Rising inflation could stand in the way of India's economic recovery

If inflation proves to be sticky, rising costs of capital for the government, companies and individuals could also restrict infrastructure spending and slow down private sector capex cycle

Published: Mar 1, 2021 02:21:27 PM IST
Updated: Mar 1, 2021 02:51:31 PM IST

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Image credit: Amit Dave / Reuters

As India emerges from the Covid-19 pandemic, rising inflation expectations have resulted in a slow uptick in borrowing costs for the government and companies alike. While these are still early days, the next year will be crucial in determining how India’s inflation trajectory progresses. Policy makers are clear they would like to avoid a repeat of a 2011-13 situation when high inflation and low growth derailed the India growth story.

As the pandemic progressed, the government had been careful in its fiscal support for the economy. Much of the Rs 20 lakh crore stimulus package it announced in May 2020 was in the form of food support and credit guarantees. The result was a manageable 9.5 percent fiscal deficit for the year ending March 2021 that included central, state and government enterprises borrowing. “To be fair, the central bank managed that borrowing with no disruption in the bond market,” says Ananth Narayan, associate professor of finance, SP Jain Institute of Management and Research. 

While 2020 went by without any major disruptions, it was the additional borrowing requirements announced in the Union Budget that caught the market by surprise. It included an additional Rs 80,000 crore in borrowing for February and March. This sent the 10 year Government of India bond from 6 percent to 6.2 percent, raising the cost of capital. In two bond auctions post the Budget, the RBI had to intervene to keep bond yields from moving even higher. The government also pushed back the fiscal glide path and indicated that it would bring down the fiscal deficit from a projected 6.8 percent in FY22 to 4.5 percent in FY26. The expectation had been for 3 percent.

indias 10 year bond yield

India’s fiscal loosening comes at a tricky time when world over, governments are having to contend with higher inflation expectations on account of economies opening up. In the US, the 10-year bond rose from 1.3 percent to 1.55 percent, unnerving investors. This also sent global stock markets tumbling as the rising cost of capital made equities less attractive. India’s benchmark Sensex index fell 1939 points (3.8 percent) on February 26.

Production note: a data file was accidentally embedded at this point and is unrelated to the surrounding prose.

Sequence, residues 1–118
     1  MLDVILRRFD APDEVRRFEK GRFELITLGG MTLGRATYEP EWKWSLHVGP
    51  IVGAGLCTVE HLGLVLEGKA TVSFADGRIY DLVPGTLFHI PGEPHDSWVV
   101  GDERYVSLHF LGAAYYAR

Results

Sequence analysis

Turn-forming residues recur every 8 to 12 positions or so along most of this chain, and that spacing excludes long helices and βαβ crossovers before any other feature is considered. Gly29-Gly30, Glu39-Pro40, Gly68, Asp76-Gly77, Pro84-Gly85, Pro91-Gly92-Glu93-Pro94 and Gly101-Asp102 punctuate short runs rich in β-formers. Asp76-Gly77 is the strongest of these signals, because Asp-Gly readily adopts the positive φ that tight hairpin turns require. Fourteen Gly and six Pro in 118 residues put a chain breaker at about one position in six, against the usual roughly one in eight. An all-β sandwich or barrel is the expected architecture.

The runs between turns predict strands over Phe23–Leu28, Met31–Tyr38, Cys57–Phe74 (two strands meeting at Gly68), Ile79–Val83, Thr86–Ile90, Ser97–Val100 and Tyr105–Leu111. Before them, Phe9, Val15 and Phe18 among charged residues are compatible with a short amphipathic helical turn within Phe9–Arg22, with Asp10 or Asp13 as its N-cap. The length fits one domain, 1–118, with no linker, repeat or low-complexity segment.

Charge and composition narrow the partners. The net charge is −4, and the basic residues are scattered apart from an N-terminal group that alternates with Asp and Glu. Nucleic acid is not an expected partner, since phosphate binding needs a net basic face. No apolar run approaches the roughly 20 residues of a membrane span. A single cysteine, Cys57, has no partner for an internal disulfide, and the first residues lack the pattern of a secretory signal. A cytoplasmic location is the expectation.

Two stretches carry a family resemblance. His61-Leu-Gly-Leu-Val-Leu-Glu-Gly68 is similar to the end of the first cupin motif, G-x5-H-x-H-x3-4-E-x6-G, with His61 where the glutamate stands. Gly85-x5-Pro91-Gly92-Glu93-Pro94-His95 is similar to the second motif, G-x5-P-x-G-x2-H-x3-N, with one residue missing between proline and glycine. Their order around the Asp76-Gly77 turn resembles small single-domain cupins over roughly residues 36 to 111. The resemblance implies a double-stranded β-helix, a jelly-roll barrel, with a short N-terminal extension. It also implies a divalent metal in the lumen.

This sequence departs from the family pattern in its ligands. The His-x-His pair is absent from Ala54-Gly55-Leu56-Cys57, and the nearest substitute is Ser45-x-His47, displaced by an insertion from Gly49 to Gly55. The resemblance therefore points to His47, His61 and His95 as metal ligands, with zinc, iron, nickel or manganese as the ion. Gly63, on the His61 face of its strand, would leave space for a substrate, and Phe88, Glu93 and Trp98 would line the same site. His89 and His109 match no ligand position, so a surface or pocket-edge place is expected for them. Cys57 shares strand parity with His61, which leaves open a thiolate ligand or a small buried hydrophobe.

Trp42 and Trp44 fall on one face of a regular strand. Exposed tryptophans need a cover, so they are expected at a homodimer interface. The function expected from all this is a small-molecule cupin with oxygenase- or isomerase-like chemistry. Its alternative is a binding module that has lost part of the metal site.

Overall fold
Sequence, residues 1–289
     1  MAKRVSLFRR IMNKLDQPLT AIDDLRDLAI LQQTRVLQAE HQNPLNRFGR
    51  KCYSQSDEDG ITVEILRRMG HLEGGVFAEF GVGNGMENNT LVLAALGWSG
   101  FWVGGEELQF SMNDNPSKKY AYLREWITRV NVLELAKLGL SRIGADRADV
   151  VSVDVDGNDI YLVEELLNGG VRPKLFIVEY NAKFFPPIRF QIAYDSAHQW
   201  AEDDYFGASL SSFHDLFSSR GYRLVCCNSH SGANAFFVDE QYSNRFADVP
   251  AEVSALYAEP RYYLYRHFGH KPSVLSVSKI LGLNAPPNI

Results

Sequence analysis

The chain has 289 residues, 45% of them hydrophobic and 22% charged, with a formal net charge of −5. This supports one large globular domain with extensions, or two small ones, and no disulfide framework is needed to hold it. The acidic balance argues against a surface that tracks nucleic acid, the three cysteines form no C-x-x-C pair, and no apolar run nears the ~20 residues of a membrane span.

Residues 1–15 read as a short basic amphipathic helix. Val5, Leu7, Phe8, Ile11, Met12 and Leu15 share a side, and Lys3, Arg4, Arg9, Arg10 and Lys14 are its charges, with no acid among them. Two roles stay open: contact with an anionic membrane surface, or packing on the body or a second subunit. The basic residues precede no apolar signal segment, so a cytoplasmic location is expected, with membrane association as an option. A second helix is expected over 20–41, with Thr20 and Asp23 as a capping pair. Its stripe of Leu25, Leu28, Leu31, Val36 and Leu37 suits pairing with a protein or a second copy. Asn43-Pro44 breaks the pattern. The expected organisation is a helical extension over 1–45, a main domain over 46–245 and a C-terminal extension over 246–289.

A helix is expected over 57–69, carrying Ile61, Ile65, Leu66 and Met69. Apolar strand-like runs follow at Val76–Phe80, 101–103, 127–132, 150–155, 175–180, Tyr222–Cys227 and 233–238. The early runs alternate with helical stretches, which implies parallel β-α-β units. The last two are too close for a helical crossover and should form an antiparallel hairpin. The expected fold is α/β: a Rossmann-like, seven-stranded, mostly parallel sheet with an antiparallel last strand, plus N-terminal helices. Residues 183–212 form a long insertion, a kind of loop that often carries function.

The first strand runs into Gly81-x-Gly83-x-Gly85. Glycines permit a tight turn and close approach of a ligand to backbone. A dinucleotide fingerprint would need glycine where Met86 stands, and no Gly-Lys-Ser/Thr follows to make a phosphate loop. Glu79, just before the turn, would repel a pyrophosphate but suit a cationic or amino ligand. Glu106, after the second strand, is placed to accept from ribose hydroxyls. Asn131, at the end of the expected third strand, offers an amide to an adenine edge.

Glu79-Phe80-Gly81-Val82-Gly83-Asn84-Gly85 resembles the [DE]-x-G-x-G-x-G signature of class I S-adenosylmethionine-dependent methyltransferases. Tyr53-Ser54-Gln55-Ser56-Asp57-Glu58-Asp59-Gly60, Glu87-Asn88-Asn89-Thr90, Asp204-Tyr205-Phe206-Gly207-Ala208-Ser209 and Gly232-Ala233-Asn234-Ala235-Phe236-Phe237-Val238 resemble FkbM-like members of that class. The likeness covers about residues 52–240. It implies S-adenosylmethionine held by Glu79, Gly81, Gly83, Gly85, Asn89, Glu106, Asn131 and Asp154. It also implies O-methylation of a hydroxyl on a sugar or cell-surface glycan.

us 10-year treasury yield

The situation is no different in India. The country is looking at a normalisation of consumption, GST collections have been heading north and core inflation remains high. Global commodity, energy and food prices have also started to move up and short-term supply chain disruptions as in the case of chips can lead to price increases. 

India edged back into positive growth in the latest three months to December 2020 quarter, with a 0.4 percent rise in the pace of growth, though it is still lower than the 3.3 percent seen a year earlier. Growth for the full fiscal is pegged by the IMF at 8 percent. Indian policymakers also have to contend with an economy where the terms of trade have moved to the rural economy. They have money to spend and the spike in prices of protein, as happened 2009 onward, can prove long lasting. Lastly, communication and power prices should move up in 2021.

Once inflation seeps into the system, arresting it can prove to be challenging. The last episode saw inflation rise in 2007 and a loosening of money supply in the aftermath of the Lehman crisis. Bank credit continued to expand at 20 percent. This was also the time when projects were stuck and money couldn’t be put to productive use. The end result was too much money chasing too few goods and services (and bad debts rising in the banking system). This coupled with high imports also led to pressure on the rupee. Narayan believes policy makers have learned lessons from that episode and will avoid a repeat. He points to the impetus on domestic manufacturing through the production linked incentive (PLI) schemes. 

As things stand, RBI’s inflation targeting band is up for review in March. As of now, the central bank is mandated to keep inflation within a 2 percent band of 4 percent. Once reviewed, the band could be reset. “If the band moves to say 5 percent then the bond market would demand a higher yield,” says R Sivakumar, head of fixed income at Axis Mutual Fund. Already, yields on 15-year government securities have moved to 6.7 percent and that is more reflective of the current market. For corporate and state government debt yields are upwards of seven percent. 

Lastly, two additional factors could point to yields moving north. First, corporate credit, which had been comatose for the last six years, could start seeing fresh demand as companies look to restart capital spending. Corporate credit has grown at 6-7 percent compared to 20-22 percent in the early part of the decade.  Second is the normalisation of liquidity. Overnight rates at 3 percent could rise as the monetary policy committee (MPC) signaled that 4 percent rates are accommodative. “[According to the MPC], a rising interest rate environment is consistent with monetary policy being accommodative,” says Sivakumar.

For now, policy makers will be keeping a close watch on inflation. If it proves to be sticky, the rising cost of capital for the government, companies and individuals could slow down an economic recovery, restrict spending on infrastructure and slow down the private sector capex cycle.

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